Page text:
The Tongass National Forest stretches across 16.7 million acres in Southeastern Alaska, an area roughly the size of West Virginia. The forest is known for its amazing wild salmon, majestic views, and its rare and beautiful old growth trees. Unfortunately, the Tongass is also known – at least among fiscal watchdogs – for its money-losing timber sales.
For decades, the United States Forest Service has operated a timber sales program in the Tongass that has generated huge net losses for the agency. You read that right. The costs incurred by the Forest Service to administer its timber sales program have far surpassed receipts generated from the resulting sales. The logging companies that harvest from the Tongass benefit from a broken process that guarantees them profits from timber sales at the expense of taxpayers.
Last month we released an analysis, Cutting Our Losses: Twenty Years of Money-Losing Timber Sales in the Tongass, examining two decades of timber sales and their fiscal return for federal taxpayers. In total, we found that federal taxpayers have lost $600 million since 1999.
Using the Forest Service’s own budget data, we found that money generated from timber sales has covered just five percent of the $632 million in Forest Service costs. This means taxpayers have spent roughly $30 million per year “selling” timber harvested in the Tongass. For comparison, the Forest Service’s total budget for the Tongass has averaged about $69 million per year since 1999.
Unfortunately, this isn’t a new problem for taxpayers. We harped about it for years, here, here, and here. An earlier wastebasket on the issue, Pain In the Tongass, won a reader vote for most popular title. This week we even testified before Congress raising the alarm about the issue.
And we’re not alone. The U.S. Government Accountability Office has criticized the Forest Service since the 1980s for preparing and conducting timber sales in the Tongass that generate less revenue than they cost.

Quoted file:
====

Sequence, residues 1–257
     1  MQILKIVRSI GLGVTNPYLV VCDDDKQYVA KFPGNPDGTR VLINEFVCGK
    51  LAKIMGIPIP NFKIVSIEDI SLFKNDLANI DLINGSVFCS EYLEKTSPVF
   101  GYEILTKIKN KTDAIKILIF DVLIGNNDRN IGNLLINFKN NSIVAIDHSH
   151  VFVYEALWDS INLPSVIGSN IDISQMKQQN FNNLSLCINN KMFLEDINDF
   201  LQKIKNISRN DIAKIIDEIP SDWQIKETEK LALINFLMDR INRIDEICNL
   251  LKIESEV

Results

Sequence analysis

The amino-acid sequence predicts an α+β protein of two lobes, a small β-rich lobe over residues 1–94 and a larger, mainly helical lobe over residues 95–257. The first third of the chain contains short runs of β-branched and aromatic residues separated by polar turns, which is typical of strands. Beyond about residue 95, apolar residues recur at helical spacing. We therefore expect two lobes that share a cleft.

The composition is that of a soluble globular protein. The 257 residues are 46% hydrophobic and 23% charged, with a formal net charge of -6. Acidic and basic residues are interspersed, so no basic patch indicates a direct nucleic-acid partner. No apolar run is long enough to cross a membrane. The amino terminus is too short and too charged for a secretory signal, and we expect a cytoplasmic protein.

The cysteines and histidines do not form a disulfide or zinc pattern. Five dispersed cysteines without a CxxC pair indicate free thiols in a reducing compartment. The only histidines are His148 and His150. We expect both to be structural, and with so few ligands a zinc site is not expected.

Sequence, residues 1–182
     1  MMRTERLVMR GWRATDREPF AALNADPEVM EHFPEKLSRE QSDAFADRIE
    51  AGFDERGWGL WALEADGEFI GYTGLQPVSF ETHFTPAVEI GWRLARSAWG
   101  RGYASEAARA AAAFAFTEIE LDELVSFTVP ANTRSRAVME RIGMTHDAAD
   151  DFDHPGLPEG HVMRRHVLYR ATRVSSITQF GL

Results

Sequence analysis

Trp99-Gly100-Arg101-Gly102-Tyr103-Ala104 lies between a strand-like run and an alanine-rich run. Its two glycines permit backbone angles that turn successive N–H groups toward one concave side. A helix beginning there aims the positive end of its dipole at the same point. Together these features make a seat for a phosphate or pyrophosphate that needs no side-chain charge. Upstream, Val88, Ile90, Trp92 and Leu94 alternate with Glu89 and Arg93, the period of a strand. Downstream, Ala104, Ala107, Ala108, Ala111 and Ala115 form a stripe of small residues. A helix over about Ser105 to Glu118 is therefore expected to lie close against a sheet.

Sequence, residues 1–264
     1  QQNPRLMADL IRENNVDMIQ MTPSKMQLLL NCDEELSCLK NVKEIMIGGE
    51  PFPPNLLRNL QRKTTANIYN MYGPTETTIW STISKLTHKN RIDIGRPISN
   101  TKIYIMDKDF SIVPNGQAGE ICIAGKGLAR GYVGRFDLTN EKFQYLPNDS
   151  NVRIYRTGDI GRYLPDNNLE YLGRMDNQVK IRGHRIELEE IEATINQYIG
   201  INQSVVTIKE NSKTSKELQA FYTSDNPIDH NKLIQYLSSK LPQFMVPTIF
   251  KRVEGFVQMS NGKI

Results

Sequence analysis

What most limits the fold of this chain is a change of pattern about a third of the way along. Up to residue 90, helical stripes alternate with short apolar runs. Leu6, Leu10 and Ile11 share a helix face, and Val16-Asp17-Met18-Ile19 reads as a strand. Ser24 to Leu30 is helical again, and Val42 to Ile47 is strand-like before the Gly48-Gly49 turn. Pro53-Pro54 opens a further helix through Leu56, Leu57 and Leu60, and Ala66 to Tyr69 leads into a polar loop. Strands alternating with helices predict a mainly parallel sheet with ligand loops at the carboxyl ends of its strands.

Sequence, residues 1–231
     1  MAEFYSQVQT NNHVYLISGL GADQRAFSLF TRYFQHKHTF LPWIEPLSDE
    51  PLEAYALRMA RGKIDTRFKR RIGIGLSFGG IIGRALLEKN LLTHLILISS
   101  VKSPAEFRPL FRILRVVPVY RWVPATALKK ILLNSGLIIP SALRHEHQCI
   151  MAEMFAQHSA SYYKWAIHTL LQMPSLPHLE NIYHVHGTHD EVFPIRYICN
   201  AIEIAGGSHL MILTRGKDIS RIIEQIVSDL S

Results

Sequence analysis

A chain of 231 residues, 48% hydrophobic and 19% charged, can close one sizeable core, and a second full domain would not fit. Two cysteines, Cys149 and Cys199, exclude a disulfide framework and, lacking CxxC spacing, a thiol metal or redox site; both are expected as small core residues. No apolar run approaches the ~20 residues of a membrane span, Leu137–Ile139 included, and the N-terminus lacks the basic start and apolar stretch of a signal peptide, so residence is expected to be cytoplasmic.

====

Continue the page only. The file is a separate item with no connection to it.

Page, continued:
But now the problem stands to get even worse. The Forest Service is pushing the repeal of a two-decade old rule prohibiting logging in unroaded areas of the Tongass – a move that would open many more acres of forest to logging and could dramatically increase taxpayer losses. When we first heard of this idea last fall, we raised concerns but the Forest Service continues to chug along with the costly proposal.
The Tongass National Forest already has more than 4,000 miles of roads which are almost exclusively used by the timber industry for logging purposes, and the Forest Service cannot adequately maintain these existing roads. New timber sales in roadless areas would increase the mileage of roads that must be maintained and the costs to taxpayers.
We already have clear evidence of the potential costs increases. Through a FOIA request, we got one of the Forest Service’s initial cost analyses for its Prince of Wales project, where the Forest Service considered one alternative that would have allowed the sale and harvest of timber in current roadless areas. The Forest Service found that roadbuilding in roadless areas would conservatively be more than twice as expensive.
In mid-October, they released a draft rule recommending the state of Alaska be granted a full exemption from the national Roadless Rule. Over the last few weeks, the Forest Service has been holding meetings on the proposal in Alaska and Washington, D.C. In addition to being a bad idea for taxpayers, they have overwhelmingly heard this is a bad idea for local communities that depend on those other things the Tongass is known for – salmon and pristine landscapes. Both drive a robust commercial fishing, recreation, and tourism industry.
It is clear the timber sale program is broken. It has failed taxpayers for decades. Instead of doubling down on it and jeopardizing local economies along the way, its past time for a serious analysis of the costs and benefits of timber sales in the Tongass.